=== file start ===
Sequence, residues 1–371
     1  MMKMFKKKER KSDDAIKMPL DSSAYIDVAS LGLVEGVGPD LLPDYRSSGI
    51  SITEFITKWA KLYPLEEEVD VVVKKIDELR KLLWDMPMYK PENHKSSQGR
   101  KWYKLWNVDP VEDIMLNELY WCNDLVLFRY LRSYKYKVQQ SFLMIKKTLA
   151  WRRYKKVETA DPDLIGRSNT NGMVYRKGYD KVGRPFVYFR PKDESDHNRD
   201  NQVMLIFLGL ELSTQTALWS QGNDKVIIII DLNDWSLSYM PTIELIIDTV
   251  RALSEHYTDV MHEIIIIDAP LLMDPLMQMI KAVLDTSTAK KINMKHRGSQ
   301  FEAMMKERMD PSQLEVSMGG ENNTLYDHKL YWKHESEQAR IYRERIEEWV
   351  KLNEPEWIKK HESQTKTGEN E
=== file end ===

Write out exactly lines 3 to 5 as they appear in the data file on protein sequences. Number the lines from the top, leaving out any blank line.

    51  SITEFITKWA KLYPLEEEVD VVVKKIDELR KLLWDMPMYK PENHKSSQGR
   101  KWYKLWNVDP VEDIMLNELY WCNDLVLFRY LRSYKYKVQQ SFLMIKKTLA
   151  WRRYKKVETA DPDLIGRSNT NGMVYRKGYD KVGRPFVYFR PKDESDHNRD